Treatment options for Snoring and Sleep Apnea

Treatment Options For Snoring & Obstructive Sleep Apnea (OSA) Syndrome

Obstructive sleep apnea (OSA) is a medical condition that requires careful attention and proper treatment. This disorder, which can be life threatening involves frequent collapse of the breathing passageway during sleep, resulting in partial or complete blockage leading to changes in breathing pattern and blood oxygen levels during sleep. Symptoms can include excessive daytime sleepiness, poor performance at home or work, and depression.

The process by which the airway gets blocked off during sleep is rather complicated. During sleep, the muscles in the throat relax and are more likely to close than when you are awake. The negative pressure of air pulled by the lungs through a narrow airway may cause the breathing passageway to collapse, much as a straw flattens and collapses if you pinch one and closed while sucking on the other end. Treatment can prevent or reverse the serious consequence associated with OSAS.

If a sleep specialist has diagnosed you with Sleep Apnea, you and your referring doctor will have a number of treatment options to consider. Correcting your breathing problem during sleep may involve one or more of the following treatments.

Lifestyle changes

Some behaviours or habits can make OSA worse. For some people, certain lifestyle changes can reduce or eliminate sleep apnea.

Sleep – position training

Sleeping on your back allows gravity to pull on the soft tissues at the back of your throat and neck, causing the breathing passageway to narrow or collapse completely. Sleep- position training can be used to help keep you on your side during sleep, which can lead to an improvement in your symptoms.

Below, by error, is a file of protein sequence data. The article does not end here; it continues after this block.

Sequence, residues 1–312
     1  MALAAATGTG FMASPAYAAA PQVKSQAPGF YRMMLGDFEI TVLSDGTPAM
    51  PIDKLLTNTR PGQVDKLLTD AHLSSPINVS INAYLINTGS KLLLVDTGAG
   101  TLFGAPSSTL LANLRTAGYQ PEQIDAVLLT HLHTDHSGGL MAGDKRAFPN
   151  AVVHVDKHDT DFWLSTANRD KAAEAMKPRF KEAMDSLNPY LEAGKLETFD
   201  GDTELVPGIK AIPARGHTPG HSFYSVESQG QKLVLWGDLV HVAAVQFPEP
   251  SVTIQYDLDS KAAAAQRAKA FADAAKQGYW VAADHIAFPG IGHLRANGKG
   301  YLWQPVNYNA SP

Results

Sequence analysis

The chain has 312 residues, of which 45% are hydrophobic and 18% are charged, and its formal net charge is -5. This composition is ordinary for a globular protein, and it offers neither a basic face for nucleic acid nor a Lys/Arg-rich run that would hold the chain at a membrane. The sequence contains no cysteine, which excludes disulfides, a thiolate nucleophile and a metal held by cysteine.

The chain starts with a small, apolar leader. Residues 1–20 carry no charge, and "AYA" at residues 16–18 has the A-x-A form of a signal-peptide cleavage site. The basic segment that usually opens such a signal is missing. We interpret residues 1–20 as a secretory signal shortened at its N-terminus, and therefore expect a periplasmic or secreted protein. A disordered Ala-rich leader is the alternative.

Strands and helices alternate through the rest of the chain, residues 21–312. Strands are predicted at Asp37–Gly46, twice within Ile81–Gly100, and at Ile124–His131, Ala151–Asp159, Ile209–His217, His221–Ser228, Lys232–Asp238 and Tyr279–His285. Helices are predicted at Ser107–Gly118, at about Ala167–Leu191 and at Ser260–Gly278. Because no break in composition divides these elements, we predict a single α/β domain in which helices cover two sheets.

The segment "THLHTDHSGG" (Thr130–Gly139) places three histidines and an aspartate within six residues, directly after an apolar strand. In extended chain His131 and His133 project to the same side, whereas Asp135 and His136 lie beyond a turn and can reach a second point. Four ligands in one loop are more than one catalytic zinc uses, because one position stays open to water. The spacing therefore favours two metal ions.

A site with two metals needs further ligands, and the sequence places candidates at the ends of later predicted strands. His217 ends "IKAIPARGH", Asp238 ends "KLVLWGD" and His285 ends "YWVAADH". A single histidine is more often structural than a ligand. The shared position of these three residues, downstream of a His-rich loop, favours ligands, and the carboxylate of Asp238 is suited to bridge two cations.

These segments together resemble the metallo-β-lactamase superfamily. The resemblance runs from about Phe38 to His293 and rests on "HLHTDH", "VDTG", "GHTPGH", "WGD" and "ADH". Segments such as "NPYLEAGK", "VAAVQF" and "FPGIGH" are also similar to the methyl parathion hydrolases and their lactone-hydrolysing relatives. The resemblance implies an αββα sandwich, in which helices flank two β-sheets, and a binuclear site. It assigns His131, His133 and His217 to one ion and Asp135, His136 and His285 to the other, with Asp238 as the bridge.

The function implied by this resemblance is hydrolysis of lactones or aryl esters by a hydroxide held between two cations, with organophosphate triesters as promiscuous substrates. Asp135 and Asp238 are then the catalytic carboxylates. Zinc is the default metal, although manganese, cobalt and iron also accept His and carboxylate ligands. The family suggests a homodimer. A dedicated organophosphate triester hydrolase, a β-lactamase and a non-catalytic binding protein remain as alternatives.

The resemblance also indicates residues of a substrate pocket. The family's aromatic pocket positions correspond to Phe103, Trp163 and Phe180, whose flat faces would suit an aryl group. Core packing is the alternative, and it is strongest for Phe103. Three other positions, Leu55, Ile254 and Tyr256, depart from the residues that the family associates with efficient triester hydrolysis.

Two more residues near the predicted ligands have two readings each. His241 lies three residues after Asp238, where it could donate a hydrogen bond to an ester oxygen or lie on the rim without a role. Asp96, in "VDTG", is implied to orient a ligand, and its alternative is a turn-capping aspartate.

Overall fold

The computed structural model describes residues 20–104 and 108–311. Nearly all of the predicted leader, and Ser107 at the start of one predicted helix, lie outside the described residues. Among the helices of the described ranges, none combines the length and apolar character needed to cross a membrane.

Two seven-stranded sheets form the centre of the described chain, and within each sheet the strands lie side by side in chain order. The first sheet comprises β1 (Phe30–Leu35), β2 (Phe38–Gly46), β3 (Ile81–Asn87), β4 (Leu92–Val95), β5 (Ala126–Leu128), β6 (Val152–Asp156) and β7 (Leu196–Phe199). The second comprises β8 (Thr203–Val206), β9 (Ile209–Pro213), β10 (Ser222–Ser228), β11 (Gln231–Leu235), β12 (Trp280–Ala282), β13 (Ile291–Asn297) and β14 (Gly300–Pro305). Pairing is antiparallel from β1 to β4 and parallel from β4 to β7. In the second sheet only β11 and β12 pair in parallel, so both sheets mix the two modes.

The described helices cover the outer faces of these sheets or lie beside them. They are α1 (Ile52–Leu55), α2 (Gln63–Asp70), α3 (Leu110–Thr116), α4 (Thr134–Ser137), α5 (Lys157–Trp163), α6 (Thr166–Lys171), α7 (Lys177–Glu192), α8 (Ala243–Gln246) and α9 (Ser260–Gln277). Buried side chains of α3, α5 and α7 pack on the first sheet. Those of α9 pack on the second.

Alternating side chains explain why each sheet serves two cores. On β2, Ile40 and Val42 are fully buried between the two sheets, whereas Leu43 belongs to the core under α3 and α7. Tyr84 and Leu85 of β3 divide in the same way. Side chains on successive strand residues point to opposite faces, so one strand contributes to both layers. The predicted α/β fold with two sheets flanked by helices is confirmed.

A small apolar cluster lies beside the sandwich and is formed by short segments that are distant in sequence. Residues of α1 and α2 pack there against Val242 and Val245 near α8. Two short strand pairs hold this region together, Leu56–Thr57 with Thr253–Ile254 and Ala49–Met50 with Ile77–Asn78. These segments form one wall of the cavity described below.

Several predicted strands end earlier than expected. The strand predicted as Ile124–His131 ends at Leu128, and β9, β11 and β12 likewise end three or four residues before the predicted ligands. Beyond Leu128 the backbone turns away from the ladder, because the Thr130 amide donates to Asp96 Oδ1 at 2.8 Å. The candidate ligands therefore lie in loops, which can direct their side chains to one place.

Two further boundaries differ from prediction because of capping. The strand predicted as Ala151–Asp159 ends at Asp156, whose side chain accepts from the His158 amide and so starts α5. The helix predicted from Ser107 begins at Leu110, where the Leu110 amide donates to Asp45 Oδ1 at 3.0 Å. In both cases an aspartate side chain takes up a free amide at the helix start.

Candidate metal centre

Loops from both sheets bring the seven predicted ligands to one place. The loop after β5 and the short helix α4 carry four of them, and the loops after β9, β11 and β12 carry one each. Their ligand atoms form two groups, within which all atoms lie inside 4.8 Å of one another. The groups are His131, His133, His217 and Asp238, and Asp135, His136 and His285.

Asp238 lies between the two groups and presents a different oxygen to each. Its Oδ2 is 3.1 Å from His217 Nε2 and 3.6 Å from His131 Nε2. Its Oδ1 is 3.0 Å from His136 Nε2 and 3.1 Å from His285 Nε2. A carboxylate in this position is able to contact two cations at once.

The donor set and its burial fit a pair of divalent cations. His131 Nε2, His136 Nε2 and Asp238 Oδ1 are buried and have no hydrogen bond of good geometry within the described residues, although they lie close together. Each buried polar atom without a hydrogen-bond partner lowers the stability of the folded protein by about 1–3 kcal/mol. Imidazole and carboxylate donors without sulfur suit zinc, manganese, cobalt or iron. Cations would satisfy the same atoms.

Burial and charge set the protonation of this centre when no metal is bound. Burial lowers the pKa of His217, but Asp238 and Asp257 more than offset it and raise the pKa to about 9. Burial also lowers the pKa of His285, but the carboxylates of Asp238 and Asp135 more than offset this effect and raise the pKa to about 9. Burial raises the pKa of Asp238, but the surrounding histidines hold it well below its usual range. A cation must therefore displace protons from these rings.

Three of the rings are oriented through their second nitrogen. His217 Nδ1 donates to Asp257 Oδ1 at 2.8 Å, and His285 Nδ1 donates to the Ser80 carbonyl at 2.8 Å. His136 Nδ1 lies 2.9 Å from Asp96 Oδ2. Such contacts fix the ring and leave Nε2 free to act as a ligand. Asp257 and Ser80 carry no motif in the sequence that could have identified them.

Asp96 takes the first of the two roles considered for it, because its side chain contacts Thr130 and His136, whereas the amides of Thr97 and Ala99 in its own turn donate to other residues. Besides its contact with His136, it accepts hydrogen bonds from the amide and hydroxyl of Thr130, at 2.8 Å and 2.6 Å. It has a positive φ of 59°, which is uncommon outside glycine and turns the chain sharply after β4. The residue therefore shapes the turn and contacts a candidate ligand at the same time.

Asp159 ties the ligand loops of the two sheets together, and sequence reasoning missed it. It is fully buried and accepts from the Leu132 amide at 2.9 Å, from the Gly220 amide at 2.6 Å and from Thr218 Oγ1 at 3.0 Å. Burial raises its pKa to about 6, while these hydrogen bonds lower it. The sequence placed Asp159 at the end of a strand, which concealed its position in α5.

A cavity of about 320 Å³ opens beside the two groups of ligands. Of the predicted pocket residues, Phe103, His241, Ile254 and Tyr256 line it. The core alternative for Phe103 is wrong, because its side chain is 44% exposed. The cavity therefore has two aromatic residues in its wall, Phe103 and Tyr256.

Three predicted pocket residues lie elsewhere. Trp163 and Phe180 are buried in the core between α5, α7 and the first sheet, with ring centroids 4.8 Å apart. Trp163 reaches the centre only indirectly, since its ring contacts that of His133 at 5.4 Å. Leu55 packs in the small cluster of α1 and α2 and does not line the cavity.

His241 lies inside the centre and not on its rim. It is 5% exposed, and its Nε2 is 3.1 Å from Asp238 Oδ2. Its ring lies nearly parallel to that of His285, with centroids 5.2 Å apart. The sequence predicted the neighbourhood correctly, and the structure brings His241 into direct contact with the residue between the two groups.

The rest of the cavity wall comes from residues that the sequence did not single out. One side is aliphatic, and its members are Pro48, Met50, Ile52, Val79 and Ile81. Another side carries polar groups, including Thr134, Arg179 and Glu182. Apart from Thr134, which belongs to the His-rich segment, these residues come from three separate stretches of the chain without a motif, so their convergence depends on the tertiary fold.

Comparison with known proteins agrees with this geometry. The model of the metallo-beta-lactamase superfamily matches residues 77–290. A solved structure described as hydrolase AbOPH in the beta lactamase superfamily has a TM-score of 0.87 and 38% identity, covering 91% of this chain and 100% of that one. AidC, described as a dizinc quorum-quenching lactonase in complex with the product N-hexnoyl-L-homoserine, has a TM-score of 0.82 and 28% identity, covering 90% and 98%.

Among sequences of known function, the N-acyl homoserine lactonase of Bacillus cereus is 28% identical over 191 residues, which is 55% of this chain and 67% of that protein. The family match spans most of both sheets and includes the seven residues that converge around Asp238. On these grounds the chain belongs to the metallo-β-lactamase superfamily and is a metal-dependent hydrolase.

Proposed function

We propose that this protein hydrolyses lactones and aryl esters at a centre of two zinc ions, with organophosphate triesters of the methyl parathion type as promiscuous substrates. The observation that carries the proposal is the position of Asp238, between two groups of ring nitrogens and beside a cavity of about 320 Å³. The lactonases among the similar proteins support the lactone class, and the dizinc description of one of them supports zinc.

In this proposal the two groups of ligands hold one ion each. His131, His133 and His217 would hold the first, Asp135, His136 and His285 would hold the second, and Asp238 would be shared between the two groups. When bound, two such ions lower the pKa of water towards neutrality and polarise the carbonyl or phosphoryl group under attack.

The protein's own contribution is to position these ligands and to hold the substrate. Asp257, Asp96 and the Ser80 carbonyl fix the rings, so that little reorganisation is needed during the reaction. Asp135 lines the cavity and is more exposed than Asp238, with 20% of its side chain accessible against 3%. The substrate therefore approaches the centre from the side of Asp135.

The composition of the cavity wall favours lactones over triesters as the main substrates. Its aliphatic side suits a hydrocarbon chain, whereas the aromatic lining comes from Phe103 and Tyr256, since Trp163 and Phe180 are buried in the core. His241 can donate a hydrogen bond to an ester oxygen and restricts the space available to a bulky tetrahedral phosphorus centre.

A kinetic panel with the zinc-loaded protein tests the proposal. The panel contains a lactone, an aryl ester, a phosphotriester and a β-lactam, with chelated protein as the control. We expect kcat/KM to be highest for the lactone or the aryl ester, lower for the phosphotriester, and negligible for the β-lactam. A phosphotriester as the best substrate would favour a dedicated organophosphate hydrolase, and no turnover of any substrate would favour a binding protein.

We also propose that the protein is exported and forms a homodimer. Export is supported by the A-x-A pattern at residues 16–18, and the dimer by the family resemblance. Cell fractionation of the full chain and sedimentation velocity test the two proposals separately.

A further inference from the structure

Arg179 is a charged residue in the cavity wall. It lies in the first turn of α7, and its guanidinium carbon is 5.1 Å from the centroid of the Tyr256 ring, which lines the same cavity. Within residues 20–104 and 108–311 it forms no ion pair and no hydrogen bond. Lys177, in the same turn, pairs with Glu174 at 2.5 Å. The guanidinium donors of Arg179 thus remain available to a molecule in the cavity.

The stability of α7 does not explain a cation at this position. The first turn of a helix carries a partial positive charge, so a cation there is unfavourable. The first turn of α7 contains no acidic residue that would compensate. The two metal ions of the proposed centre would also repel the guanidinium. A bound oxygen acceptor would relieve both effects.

Sleep – position training can be accomplished in several ways. The simplest approach, called the “tennis ball technique”, involves sewing a pocket onto the back of your pajama top and inserting tennis balls into it. If you start to roll on to your back during sleep, the pressure from the balls will courage you to roll back to your side. A form wedge strapped to your back can accomplish the same result. Commercial devices with alarms are also available to help you stay on your side during sleeping.

Weight loss and regular exercise

For some people, weight loss alone is a helpful treatment. Once you reach your desired weight, it is important to maintain that weight, because snoring and apneas are likely to return with weight gain. If you are overweight, consult a healthcare professional to find out about weight loss programs.

Oral appliances

These devices work to keep the airway open by holding the tongue or jaw forward, increasing the airway space behind the tongue. A clear airway is needed in order for most of these devices to be successful. They are usually fitted by an experienced dentists associated with a sleep disorders center or laboratory.

Tongue – retaining devices

These devices are placed in the mouth just before bed and create a slight suction, which holds the tongue forward to keep it from falling back into the throat. They can be effective in people who have mild to moderate apnea.

Jaw – advancement device

These appliances are made to fit the top and bottom teeth in a way that pulls the lower jaw slightly forward.

Continuous Positive Airway Pressure (CPAP) devices